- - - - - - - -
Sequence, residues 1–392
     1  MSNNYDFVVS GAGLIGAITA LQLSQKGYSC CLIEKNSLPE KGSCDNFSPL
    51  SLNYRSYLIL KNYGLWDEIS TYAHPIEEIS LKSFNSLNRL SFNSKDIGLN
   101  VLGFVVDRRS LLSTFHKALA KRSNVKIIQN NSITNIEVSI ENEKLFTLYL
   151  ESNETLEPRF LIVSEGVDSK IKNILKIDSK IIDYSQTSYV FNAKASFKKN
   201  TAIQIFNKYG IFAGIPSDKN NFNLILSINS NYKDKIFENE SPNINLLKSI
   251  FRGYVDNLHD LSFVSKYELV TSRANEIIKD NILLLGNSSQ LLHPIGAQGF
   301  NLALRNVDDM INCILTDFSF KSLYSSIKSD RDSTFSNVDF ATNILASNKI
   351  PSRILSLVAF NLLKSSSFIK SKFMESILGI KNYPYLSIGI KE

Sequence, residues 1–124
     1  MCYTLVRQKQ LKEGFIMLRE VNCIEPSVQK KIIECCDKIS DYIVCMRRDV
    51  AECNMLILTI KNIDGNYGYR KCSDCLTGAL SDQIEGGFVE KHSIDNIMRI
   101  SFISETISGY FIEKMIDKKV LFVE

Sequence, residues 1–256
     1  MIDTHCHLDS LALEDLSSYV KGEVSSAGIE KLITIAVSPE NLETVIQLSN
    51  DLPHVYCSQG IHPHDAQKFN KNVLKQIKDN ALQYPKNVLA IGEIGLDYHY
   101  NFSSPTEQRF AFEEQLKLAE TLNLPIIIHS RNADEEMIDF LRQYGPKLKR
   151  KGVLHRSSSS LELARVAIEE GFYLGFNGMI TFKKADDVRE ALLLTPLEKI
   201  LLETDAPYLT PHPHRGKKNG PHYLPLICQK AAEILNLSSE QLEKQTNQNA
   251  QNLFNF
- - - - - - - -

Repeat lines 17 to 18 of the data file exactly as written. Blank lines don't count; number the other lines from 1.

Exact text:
   101  NFSSPTEQRF AFEEQLKLAE TLNLPIIIHS RNADEEMIDF LRQYGPKLKR
   151  KGVLHRSSSS LELARVAIEE GFYLGFNGMI TFKKADDVRE ALLLTPLEKI